Nov 6



A story just published in the new December issue of VANITY FAIR chronicles the way Japanese kawaii, or super-cuteness, has conquered America:

Roland Kelts (Osaka-shi, 1998-99), author of Japanamerica, is quoted fairly liberally via an interview with Vanity Fair writer Jim Windolf.  Here’s a sample:

“There’s no doubt that cuteness has been a part of the Japanese aesthetic since the postwar years,” says Roland Kelts, the author of the 2006 book Japanamerica: How Japanese Pop Culture Has Invaded the U.S. “One theory, which has been proposed by a lot of Japanese artists and academics, is that, after the humiliation and emasculation of Japan in the postwar years, Japan developed this quasi-queer position of ‘little brother’ or ‘little boy.’ If you become ‘little brother’ or ‘little boy,’ the only way you can get big brother’s or fat man’s attention is by being so cute or puppy-like that he has to take care of you.”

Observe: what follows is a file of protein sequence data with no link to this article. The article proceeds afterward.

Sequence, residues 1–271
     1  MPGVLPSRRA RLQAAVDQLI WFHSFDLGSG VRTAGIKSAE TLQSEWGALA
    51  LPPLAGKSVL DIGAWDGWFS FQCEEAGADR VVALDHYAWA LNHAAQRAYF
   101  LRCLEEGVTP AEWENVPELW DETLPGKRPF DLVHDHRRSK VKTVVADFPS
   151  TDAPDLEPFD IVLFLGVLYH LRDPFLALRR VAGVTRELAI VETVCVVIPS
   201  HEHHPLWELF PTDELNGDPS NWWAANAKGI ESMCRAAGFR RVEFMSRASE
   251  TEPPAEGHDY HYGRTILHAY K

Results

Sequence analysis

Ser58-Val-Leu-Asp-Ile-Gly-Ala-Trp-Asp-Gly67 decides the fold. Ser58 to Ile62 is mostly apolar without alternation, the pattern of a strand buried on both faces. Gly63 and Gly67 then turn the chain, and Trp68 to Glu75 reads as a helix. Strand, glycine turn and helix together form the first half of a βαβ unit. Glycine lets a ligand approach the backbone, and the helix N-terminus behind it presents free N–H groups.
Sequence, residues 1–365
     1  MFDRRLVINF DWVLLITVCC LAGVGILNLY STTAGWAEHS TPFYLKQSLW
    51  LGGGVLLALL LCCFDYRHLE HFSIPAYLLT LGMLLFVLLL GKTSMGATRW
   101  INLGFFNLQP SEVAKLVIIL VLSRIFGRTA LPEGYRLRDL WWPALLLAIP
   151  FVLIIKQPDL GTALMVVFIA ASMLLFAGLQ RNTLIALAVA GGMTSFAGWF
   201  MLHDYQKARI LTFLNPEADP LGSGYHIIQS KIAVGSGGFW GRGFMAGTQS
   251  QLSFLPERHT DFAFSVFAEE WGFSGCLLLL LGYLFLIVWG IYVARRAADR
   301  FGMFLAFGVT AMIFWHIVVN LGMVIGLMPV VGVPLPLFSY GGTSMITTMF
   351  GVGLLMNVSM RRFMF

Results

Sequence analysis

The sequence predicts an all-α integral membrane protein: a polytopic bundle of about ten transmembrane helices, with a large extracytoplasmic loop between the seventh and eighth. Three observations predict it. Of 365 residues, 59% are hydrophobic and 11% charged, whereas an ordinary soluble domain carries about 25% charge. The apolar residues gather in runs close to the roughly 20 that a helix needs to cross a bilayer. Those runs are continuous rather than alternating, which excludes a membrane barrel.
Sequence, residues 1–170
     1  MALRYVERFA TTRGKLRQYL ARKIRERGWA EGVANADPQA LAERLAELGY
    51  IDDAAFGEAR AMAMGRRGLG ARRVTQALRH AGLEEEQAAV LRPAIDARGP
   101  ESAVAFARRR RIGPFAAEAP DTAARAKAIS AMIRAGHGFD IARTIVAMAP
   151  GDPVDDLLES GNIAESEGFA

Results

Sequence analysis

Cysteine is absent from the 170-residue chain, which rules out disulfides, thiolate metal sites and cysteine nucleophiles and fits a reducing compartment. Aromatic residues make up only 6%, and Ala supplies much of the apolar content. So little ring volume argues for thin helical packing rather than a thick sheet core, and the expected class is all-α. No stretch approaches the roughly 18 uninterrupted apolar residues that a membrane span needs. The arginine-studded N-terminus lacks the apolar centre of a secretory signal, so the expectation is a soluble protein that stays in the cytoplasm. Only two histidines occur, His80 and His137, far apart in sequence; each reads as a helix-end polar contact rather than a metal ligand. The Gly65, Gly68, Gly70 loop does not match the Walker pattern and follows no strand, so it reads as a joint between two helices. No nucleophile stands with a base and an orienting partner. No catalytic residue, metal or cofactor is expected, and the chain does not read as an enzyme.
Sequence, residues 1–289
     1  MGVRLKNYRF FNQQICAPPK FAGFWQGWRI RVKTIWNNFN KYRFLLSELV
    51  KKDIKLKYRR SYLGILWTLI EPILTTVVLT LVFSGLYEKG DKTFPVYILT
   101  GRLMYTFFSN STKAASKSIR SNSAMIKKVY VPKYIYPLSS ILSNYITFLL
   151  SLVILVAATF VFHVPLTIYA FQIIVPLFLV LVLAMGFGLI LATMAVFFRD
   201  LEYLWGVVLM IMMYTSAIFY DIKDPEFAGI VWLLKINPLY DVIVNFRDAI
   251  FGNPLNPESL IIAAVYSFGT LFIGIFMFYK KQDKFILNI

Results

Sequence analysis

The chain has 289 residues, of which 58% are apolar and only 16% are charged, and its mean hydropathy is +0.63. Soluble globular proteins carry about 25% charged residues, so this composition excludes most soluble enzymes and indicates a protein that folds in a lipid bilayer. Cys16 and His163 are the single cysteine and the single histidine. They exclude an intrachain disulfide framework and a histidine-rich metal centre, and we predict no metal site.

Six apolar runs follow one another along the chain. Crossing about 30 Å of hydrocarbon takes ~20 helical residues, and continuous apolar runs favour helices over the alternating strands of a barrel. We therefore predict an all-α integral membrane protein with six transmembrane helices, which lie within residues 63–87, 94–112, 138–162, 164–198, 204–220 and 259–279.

Roland also recently returned to Japan from a book promotion tour in Korea.

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